South Australia - April 2021

A message from your South Australian Regional Committee Chair

Dr Rabin Bhandari

2021 is moving quickly by, and our examinations are generally going along smoothly. At the time of writing this, Greater Brisbane is in lockdown, which shows us that COVID-19 and subsequent restrictions are still causing disruptions to many aspects of life. The RACP has interstate/international contingency plans if candidate travel is disrupted.

For members interested, the following positions have current Expressions of Interest coming due in the next month:

This year, the South Australian Regional Committee is working on the Trainee Research Awards presentations and the South Australian Annual Scientific Meeting (ASM). For trainees and supervisors, especially those in paediatrics and the Faculties, we sincerely hope that you can enter your research into this worthy competition. We are hopeful of attracting brilliant speakers for the ASM to entice more attendance.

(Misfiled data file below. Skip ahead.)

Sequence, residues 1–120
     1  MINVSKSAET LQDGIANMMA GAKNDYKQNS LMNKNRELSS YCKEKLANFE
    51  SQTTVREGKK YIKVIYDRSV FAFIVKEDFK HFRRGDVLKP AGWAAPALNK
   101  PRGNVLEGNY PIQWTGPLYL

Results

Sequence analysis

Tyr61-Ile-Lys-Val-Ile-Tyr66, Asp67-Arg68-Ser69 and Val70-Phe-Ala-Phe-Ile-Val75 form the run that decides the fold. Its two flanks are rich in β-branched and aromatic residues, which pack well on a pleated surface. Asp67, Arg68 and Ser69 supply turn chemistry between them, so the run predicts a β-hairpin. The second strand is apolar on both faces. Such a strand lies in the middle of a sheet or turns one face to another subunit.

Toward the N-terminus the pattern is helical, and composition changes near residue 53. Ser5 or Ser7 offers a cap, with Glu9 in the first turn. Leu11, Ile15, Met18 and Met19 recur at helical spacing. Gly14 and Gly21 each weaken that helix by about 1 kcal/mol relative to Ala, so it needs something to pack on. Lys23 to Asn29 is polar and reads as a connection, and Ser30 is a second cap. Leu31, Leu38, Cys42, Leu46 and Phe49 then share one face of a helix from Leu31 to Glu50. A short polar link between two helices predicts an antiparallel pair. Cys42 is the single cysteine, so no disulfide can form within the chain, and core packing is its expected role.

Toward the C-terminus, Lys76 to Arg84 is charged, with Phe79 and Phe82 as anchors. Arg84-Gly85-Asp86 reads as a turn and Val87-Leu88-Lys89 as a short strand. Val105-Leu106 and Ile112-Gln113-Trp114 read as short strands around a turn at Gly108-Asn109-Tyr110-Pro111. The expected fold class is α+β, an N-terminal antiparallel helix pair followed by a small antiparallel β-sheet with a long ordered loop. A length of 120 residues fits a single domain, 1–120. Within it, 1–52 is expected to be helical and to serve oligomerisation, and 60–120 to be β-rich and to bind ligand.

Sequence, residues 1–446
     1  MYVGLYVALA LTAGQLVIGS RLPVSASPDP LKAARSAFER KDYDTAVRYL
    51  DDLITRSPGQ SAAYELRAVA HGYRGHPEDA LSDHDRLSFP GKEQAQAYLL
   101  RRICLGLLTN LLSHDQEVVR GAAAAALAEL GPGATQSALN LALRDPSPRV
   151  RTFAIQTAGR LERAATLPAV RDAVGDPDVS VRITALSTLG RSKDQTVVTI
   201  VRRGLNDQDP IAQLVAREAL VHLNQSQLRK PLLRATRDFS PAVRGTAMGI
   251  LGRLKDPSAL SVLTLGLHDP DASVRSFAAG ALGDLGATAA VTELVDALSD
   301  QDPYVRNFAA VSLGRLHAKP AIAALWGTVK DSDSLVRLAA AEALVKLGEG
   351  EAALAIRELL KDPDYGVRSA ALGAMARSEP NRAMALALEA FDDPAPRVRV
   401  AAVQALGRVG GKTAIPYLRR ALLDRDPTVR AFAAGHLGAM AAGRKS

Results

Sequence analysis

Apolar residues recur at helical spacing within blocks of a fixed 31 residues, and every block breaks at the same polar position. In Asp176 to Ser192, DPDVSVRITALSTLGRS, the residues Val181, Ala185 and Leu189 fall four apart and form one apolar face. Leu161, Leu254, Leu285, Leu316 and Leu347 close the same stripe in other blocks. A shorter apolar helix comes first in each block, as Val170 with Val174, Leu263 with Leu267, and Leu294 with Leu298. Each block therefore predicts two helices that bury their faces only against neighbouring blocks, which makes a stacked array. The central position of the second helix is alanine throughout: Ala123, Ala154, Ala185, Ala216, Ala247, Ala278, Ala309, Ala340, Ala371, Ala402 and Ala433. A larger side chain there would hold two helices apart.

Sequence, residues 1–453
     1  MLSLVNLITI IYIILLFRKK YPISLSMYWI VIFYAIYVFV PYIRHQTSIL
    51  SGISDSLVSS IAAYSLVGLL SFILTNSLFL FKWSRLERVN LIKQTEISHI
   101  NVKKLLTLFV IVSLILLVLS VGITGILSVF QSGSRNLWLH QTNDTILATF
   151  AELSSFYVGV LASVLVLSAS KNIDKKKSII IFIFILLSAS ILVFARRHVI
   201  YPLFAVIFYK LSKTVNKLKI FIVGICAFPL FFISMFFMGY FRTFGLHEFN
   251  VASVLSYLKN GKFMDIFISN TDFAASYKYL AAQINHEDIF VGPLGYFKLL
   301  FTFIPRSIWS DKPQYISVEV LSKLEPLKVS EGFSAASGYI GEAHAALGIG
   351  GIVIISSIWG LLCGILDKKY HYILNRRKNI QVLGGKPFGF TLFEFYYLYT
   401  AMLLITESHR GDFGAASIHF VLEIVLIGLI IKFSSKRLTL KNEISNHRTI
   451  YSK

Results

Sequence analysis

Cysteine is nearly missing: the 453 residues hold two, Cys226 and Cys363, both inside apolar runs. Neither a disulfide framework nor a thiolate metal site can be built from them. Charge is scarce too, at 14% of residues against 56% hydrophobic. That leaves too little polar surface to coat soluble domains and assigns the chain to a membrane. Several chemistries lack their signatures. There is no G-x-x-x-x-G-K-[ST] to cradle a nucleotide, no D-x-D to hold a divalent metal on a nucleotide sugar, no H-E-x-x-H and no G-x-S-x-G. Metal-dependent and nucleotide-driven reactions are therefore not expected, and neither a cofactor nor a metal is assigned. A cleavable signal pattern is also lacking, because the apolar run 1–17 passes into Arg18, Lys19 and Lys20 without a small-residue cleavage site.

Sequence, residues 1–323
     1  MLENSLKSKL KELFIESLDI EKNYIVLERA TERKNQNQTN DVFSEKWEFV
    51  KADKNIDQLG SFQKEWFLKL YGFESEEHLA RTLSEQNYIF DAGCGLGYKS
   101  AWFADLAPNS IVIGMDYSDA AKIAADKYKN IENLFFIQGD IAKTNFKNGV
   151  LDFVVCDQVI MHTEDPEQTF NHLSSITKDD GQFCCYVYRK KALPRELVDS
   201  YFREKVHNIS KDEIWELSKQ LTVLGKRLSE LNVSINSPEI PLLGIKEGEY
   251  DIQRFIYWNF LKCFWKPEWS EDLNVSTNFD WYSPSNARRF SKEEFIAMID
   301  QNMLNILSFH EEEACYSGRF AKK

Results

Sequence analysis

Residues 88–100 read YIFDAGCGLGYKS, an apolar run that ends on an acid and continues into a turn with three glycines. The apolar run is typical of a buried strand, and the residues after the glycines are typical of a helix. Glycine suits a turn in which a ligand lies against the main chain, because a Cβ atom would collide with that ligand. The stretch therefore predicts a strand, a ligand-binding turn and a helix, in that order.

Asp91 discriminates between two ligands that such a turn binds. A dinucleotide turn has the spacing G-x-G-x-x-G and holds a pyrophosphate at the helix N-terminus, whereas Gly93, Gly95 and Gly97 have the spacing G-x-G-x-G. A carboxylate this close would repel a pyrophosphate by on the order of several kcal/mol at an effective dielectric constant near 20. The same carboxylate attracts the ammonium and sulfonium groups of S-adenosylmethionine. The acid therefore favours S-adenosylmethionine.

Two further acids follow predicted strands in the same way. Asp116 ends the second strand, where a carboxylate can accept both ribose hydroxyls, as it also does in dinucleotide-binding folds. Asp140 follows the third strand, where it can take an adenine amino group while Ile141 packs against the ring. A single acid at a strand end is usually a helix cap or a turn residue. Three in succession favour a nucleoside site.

Lastly, as the Chairperson of the South Australian Regional Committee, I am proud to recommend to all members that we support public health physicians. Now more than ever, I think we have all come to realise the vital work that our Public Health colleagues do every day.

Dr Rabin Bhandari   A.Mus.A, B.Med, FAFRM
South Australian Regional Committee Chair

A message from the South Australian Trainees’ Committee Co-Chairs

The turning of the page to 2021, and the initial roll-out of the COVID-19 vaccines has generated a renewed sense of optimism within the community after the challenges of the last year. However, many of our trainees are still working towards completion of their examination requirements that were deferred from 2020. We were very grateful that some RACP Divisional Clinical Examination long case candidates were able to be held remotely from home during the November Parafield Cluster, and most candidates are nearing completion of their short cases.

A key focus for the South Australian Trainees’ Committee in 2021 will be on supporting trainees who are still facing the impact of COVID-19 on their examinations and assessment to meet their requirements. This will include through the ongoing provision of examination panels and the Basic Trainee Lecture series, and through continued advocacy for flexibility for trainees.